In animals, analogous situations are encountered with families of Endogenous Retroviruses (ERV), in which pathogenic ERV copies are unevenly distributed in species genomes. The presence of particular and/or numerous ERV ‘defective' copies can be protective against pathogenic ERV strains, while their absence may be detrimental.16, 51, 52
The hypothesis of de novo
acquisition of genetic alterations could also be consistent with numerous studies associating intra-uterine/perinatal infections or inflammatory events as potential triggers in the development of BD or SZ later in life.51
Genetic modifications could affect the HERV-W copy numbers as insertion/deletion phenomena have been reported in association with HERVs,56
but could also affect the detection of modified HERV-W copies by the present PCR primers and probe. This alternative explanation may thus shed light on the well-described genetic rearrangements in SZ or BD,16
with small to large deletions and/or copy number variations in the genome of affected individuals, as HERV rearrangements are also known to involve neighboring genes.56
Although the mechanisms are not yet elucidated, activation of HERV-W elements epigenetically silenced in differentiated cells was put forward.49
Here, the only environmental agent showing some degree of association with enhanced HERV-W RNA expression is T. gondii
. It nonetheless required large numbers with the merged SZ and BD groups to reach statistical significance and appeared relevant in a subgroup of patients. The fact that this parasite often had increased prevalence in cohorts of patients with BD or SZ78
would then be consistent with a role as a pathogenic co-factor, which can be replaced by other co-factors displaying analogous effects. Alternatively, it might have a role in association with particular symptomatology, as suggested by a recent study.9
Interestingly, T. gondii
is known to transactivate HERVs, including HERV-W elements, when infecting tumor cells,62, 79
which would also fit with a co-factor triggering HERV-W activation with subsequent genetic and inflammatory effects related to HERV-W envelope. This points to an indirect role of such infectious agents through ‘epigenetically susceptible' HERV elements, as it is known that tumor cells have extensive DNA hypomethylation,80, 81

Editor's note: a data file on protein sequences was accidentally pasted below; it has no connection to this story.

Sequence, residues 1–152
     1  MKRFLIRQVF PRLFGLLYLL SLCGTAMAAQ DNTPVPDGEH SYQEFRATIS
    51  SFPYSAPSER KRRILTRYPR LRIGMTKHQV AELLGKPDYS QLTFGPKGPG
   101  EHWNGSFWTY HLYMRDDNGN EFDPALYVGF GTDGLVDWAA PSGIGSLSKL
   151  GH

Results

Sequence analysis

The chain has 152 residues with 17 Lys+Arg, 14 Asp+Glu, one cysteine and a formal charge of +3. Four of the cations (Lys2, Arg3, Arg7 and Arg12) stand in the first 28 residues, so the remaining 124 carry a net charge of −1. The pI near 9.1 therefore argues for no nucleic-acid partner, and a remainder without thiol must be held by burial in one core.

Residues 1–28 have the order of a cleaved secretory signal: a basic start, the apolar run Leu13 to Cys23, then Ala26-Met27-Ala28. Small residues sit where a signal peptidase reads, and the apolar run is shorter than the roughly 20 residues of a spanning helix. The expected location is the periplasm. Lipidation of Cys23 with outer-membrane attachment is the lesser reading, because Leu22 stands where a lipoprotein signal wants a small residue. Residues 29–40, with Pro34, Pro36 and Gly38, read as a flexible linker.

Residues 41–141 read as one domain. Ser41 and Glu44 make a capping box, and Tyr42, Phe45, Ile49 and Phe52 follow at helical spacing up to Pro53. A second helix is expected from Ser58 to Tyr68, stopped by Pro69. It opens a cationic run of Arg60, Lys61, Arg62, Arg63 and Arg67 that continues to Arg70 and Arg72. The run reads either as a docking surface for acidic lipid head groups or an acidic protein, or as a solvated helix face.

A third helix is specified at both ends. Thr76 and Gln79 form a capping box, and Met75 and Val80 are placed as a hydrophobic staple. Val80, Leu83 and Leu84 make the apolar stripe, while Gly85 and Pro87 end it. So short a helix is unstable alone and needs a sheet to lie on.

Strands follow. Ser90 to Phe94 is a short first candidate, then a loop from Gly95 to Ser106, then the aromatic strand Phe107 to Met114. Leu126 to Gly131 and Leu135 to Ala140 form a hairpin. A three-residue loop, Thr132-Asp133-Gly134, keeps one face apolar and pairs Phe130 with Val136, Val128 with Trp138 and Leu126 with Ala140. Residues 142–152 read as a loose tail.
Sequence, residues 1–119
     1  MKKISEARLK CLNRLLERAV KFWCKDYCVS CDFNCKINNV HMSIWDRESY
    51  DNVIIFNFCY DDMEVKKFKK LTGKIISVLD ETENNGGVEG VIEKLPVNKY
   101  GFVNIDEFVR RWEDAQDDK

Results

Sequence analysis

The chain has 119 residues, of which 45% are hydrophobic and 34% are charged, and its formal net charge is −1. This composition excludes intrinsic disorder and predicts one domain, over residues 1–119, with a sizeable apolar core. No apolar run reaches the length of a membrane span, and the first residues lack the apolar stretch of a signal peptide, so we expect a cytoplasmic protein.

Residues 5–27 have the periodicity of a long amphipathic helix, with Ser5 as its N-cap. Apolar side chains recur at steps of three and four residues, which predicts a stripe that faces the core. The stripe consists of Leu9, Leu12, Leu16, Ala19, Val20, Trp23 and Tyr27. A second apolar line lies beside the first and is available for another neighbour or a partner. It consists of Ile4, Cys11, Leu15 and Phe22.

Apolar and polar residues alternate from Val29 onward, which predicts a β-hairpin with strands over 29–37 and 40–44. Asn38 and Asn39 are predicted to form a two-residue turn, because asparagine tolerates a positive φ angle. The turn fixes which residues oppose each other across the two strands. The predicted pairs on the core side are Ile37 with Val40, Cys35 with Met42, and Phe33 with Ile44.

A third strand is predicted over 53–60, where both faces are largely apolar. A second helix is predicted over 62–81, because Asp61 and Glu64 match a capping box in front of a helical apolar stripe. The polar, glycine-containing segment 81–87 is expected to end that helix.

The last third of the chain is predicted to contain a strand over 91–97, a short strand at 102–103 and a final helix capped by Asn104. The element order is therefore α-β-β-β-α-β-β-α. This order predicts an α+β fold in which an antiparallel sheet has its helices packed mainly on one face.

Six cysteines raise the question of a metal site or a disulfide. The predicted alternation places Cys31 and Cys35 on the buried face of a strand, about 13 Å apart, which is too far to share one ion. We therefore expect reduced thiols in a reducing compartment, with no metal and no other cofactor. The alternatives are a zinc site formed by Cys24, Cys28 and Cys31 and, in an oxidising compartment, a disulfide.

which occurs physiologically in embryonic cells.82
Thus, T. gondii
could induce a targeted activation of HERV-W elements creating a risk for SZ or BD in individuals carrying an HERV-W ‘pathogenic element'. Such HERV-W elements appear here to fit with the MSRV subtype detected under the form of circulating retrovirus-like particles in a low proportion (8.9±6.2%) of studied Caucasian populations.83
Thus, requiring the coincidence of both triggering and responding entities for the genesis of HERV-W pathogenicity, environmental pathogens other than T. gondii
may not yield significant results with our present numbers and patient selection, due to their variability as co-factors and to their less frequent prevalence in our cohorts.
We thus hypothesize that, at a particular vulnerable developmental stage (for example, when the panel of HERV-W genes is hypomethylated and/or with low epigenetic control), an environmental trigger such as an infection favors cell lineage-specific genetic modifications in these elements (retrotransposition, gene rearrangements, and so on) establishing altered/variable patterns of neurodevelopment. Later in life, each of these patterns would respond differently to subsequent environmental triggers and be translated into distinct clinical phenotypes such as SZ, BD. Quite different nature and conditions of interactions with HERV-W elements (for example, no association ever found with T. gondii
nor with perinatal infection), as well as temporal differences in triggering events during lifetime, could then lead to MS.49, 51
The emerging concept involving HERVs in human medicine21
highlights the importance such gene–environment interactions in a number of multifactorial diseases with poorly understood etiology,84